Mar 2, 2011
Writing recently about Rick Santorum’s quest to become the Republican presidential nominee in 2012, George Will remarked that Santorum’s chances depend on social conservatives who currently feel ignored and would be naturally sympathetic to someone like the former GOP senator from Pennsylvania.
I venture no opinion on Santorum’s prospects. But about the present condition of social conservatives—for whom abortion and the defense of traditional marriage are issues of paramount priority—Will is entirely correct.
Pro-lifers in the Republican-controlled House have lately been making a push for abortion-related legislation that social conservatives happily support. Unfortunately, there is little chance that the legislation can get through the Democratic-controlled Senate and virtually none that President Obama would sign it.
And with this exception, there just isn’t much on the horizon for social conservatives to cheer about. Congress rolled over and played dead a while back on the issue of “don’t ask, don’t tell,” and it’s scary to think what the Senate might do if Obama gets a chance to nominate another pro-abortion justice to the Supreme Court.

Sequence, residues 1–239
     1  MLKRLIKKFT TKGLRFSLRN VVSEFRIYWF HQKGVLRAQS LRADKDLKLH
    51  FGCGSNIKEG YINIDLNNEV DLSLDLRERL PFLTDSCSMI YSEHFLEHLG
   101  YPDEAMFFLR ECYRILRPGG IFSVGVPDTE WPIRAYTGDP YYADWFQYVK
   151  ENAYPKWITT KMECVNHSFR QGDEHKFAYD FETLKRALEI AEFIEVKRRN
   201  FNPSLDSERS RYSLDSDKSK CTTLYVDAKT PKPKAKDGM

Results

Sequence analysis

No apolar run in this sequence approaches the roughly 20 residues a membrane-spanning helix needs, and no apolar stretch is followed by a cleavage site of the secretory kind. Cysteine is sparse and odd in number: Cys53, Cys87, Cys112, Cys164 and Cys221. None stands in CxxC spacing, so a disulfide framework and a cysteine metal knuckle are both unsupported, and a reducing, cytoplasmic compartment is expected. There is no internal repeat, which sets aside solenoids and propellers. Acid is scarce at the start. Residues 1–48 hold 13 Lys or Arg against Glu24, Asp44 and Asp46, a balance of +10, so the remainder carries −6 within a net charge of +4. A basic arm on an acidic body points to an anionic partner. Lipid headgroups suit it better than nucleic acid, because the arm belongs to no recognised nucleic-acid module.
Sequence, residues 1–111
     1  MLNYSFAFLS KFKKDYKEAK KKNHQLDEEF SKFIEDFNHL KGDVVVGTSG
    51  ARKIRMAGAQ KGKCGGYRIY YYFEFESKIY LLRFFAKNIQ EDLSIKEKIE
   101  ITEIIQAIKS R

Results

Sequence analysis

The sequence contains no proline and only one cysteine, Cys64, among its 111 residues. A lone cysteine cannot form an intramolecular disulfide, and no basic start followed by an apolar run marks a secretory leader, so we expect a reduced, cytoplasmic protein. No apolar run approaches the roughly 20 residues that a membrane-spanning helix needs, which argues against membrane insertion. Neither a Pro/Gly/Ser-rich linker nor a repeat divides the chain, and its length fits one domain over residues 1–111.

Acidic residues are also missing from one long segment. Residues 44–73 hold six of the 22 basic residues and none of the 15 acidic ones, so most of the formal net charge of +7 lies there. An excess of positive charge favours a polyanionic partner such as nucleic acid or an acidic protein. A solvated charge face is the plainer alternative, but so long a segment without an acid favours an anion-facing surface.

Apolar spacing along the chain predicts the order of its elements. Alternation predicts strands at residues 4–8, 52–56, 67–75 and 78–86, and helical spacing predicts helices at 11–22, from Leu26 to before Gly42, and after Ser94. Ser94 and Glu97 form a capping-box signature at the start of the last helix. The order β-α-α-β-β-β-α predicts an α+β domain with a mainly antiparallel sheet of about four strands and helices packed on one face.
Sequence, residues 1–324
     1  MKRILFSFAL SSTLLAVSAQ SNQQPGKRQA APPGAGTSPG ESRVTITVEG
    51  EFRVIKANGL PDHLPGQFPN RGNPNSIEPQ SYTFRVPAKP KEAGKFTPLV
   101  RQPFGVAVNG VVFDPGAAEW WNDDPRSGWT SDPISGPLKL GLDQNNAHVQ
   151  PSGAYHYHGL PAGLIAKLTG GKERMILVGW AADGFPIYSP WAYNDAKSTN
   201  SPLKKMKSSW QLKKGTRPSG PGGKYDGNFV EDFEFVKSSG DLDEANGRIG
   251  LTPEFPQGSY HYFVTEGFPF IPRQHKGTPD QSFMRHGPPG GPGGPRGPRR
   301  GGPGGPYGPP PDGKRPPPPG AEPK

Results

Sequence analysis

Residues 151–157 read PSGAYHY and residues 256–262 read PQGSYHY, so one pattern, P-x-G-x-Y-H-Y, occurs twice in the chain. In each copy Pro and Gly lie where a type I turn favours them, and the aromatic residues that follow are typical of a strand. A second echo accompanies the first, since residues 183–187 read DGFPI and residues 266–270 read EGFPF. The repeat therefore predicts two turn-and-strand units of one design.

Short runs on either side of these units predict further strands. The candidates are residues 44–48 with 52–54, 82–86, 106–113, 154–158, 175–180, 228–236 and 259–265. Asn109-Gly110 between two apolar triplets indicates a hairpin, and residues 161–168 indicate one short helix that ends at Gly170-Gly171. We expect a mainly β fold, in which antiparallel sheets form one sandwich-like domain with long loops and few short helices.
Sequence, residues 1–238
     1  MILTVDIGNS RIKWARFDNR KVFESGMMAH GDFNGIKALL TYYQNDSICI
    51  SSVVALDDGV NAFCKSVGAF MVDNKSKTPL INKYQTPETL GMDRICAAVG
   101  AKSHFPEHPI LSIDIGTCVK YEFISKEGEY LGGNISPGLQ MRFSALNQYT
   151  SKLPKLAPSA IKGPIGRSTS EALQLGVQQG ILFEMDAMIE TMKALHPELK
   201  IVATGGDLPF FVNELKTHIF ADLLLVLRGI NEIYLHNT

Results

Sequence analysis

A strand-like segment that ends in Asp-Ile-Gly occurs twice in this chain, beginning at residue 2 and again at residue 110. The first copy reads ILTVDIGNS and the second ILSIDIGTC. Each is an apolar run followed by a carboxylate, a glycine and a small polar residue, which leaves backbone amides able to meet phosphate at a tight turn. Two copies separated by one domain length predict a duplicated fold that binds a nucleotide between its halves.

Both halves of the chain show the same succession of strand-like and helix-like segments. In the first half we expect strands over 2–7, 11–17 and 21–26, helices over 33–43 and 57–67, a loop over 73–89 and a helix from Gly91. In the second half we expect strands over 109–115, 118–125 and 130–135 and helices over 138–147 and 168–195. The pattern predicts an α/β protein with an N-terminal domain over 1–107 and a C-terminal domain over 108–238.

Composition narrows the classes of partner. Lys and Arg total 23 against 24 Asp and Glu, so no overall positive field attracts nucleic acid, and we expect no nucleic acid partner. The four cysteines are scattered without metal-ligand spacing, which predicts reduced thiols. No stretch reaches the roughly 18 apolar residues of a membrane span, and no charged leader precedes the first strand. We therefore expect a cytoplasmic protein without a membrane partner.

Still, the social conservatives’ sense of frustration is hardly new.
The Democratic party gave them a cold shoulder nearly four decades ago. As for the Republicans, whenever I write on these matters I can count on hearing from people who wish to remind me that, despite its official conservatism on social issues, the GOP has often been more talk than action, and Republican presidents have sent more than their share of pro-choice justices to the Supreme Court.
No wonder social conservatives are out of sorts. Like other Americans advocating various other causes, they want change. Who will give it to them, and when, are the great imponderables.
Catholic voters over the years have contributed a lot to bringing about this present state of affairs. Another conservative columnist, Michael Gerson, cut to the heart of the matter with words that deserve to be taken most seriously.